I see traveling as a sort of spiritual quest. This might sound pompous and self-important, but I’m unapologetic about it — when I visit a city, I’m after its soul.

Now, faced with this confrontational approach,  every city I visit tends to defend itself by doing what charming cities do best: dazzle the visitor by flaunting its beauty, throw at them magnificent palaces, glittering mosaics and frescoes, and daring towers (sometimes leaning too, for added measure), hoping thereby to make the visitor forget their Spiritual Quest and settle for aesthetic intoxication instead.

Well, I don’t fall for it. I take pleasure in all the beautiful sights, and then I aim for the heart – the forgotten alleys, the unexpected quirks, the intimate secrets, the stories you don’t find in travel guides, the places where the locals go for their morning coffee, the corners that offer shelter to star-crossed lovers. I want to uncover the city’s dark side, understand its personality, learn the inside jokes, really get to know the locals. But all too often I come up empty.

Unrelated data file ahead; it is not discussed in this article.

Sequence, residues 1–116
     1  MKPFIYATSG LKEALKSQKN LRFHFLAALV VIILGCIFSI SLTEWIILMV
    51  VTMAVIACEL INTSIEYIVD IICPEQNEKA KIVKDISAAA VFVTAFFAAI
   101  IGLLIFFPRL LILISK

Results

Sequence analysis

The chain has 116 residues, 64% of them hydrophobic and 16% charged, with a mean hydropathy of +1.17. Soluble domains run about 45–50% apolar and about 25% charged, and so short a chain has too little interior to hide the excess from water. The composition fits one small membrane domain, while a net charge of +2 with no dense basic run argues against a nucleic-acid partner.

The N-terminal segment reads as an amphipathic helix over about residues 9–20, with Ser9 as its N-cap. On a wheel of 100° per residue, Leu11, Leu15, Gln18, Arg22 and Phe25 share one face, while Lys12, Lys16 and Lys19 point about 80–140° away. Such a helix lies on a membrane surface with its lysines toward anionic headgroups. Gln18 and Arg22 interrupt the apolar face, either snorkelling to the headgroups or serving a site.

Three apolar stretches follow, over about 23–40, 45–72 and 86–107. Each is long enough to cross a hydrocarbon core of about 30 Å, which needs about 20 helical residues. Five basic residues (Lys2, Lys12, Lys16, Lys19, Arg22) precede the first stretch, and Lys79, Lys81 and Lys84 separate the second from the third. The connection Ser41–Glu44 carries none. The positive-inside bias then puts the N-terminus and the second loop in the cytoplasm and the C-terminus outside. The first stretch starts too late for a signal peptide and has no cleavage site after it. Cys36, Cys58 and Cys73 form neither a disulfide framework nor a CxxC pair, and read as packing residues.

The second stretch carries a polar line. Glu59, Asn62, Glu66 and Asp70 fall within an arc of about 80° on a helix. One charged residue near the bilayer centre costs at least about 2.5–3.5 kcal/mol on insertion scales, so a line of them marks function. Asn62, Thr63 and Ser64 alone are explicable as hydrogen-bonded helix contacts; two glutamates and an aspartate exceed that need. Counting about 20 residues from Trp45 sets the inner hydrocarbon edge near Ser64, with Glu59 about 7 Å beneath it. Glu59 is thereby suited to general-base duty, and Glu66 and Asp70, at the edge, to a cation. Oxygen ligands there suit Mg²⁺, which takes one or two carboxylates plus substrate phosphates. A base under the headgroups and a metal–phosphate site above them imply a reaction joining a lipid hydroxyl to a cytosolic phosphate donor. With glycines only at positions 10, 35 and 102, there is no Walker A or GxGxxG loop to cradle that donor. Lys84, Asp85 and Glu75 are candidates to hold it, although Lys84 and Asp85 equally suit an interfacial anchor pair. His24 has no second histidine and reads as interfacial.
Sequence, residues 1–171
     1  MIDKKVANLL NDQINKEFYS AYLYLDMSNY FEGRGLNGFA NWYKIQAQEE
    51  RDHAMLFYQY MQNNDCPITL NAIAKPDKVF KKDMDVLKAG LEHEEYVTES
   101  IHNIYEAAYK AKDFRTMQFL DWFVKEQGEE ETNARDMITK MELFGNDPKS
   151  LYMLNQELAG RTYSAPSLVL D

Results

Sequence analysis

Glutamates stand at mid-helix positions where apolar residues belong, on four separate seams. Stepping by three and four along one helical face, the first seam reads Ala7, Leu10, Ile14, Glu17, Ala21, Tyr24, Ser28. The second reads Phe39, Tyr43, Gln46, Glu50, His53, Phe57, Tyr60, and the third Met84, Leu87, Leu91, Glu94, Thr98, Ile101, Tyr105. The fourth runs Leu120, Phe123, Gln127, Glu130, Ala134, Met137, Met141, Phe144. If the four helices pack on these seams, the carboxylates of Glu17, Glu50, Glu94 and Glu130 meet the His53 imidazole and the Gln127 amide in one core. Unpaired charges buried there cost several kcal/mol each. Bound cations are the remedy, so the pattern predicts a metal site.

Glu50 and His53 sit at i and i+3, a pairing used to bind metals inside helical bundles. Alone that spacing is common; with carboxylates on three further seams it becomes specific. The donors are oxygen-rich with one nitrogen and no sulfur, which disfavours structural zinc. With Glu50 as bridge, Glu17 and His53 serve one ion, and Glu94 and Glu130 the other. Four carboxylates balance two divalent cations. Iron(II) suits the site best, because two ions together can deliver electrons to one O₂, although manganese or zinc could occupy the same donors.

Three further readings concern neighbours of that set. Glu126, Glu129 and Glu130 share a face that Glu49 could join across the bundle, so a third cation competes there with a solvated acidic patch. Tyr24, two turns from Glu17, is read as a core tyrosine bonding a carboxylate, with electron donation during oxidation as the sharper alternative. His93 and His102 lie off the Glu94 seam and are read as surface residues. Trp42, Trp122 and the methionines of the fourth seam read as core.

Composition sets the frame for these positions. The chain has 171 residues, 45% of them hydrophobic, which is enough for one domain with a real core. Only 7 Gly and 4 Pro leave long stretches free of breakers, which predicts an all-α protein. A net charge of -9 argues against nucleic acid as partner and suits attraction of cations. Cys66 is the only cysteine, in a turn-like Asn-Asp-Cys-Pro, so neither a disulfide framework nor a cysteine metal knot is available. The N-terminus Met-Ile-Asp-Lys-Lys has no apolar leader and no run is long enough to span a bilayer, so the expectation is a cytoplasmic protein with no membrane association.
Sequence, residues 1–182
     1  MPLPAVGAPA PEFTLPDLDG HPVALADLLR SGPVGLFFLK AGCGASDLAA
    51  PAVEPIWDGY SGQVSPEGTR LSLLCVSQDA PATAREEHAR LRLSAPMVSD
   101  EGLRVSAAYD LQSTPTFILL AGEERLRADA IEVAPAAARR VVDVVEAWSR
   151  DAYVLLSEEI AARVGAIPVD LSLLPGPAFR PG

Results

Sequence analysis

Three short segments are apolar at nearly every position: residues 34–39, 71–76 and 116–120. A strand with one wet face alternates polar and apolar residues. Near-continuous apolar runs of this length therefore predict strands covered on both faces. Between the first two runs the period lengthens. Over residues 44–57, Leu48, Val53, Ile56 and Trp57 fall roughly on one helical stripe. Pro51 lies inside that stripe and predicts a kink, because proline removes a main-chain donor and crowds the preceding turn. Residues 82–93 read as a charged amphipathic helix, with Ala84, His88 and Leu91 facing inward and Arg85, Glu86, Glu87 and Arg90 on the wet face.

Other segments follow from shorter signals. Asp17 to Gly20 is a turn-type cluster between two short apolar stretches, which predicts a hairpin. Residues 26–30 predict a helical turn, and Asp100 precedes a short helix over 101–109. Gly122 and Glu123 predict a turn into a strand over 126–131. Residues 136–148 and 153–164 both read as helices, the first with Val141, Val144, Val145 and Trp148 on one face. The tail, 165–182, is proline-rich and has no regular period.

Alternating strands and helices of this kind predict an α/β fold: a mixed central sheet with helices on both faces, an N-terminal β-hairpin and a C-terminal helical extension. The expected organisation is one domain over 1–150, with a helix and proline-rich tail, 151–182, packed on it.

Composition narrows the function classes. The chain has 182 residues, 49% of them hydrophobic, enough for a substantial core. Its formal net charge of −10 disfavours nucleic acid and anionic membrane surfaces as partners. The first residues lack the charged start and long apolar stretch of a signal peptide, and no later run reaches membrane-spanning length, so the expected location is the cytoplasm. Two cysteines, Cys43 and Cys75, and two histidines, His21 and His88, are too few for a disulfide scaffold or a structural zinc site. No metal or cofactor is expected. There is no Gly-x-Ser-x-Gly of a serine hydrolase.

The church of Gesu Nuovo in the historic center of Naples.

However, I now have a new weapon in my urban soul-seeker arsenal. Thanks to a great initiative which is spreading its wings (pun intended) throughout the world, I’m enlisting angels in my quest: Angels for Travelers, no less, whose aim is to unite the globe-trotters of the world into a global community of friends.

Angels for Travelers is an exciting and ever-growing network which gives travelers free access to a trove of insider knowledge by providing them with local friends at any stage of their trip, even before they arrive at their destination.